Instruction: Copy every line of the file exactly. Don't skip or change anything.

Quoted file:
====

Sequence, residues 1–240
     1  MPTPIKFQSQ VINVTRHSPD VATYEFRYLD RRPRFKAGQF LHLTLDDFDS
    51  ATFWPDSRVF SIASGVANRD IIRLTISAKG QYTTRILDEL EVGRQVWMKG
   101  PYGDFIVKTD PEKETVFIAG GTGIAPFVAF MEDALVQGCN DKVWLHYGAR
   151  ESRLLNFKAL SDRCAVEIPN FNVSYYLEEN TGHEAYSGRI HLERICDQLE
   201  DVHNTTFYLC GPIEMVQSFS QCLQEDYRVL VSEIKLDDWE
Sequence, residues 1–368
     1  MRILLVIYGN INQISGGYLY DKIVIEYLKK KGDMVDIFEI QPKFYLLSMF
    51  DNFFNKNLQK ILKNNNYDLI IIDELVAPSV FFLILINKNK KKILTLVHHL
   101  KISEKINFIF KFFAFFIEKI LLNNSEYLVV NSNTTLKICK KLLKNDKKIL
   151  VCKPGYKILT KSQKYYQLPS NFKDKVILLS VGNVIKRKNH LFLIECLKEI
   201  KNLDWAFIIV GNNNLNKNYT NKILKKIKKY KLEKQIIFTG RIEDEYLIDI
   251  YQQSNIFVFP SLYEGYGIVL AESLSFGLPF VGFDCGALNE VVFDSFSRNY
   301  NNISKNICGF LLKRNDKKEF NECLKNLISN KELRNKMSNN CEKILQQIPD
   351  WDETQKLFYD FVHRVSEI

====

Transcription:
Sequence, residues 1–240
     1  MPTPIKFQSQ VINVTRHSPD VATYEFRYLD RRPRFKAGQF LHLTLDDFDS
    51  ATFWPDSRVF SIASGVANRD IIRLTISAKG QYTTRILDEL EVGRQVWMKG
   101  PYGDFIVKTD PEKETVFIAG GTGIAPFVAF MEDALVQGCN DKVWLHYGAR
   151  ESRLLNFKAL SDRCAVEIPN FNVSYYLEEN TGHEAYSGRI HLERICDQLE
   201  DVHNTTFYLC GPIEMVQSFS QCLQEDYRVL VSEIKLDDWE
Sequence, residues 1–368
     1  MRILLVIYGN INQISGGYLY DKIVIEYLKK KGDMVDIFEI QPKFYLLSMF
    51  DNFFNKNLQK ILKNNNYDLI IIDELVAPSV FFLILINKNK KKILTLVHHL
   101  KISEKINFIF KFFAFFIEKI LLNNSEYLVV NSNTTLKICK KLLKNDKKIL
   151  VCKPGYKILT KSQKYYQLPS NFKDKVILLS VGNVIKRKNH LFLIECLKEI
   201  KNLDWAFIIV GNNNLNKNYT NKILKKIKKY KLEKQIIFTG RIEDEYLIDI
   251  YQQSNIFVFP SLYEGYGIVL AESLSFGLPF VGFDCGALNE VVFDSFSRNY
   301  NNISKNICGF LLKRNDKKEF NECLKNLISN KELRNKMSNN CEKILQQIPD
   351  WDETQKLFYD FVHRVSEI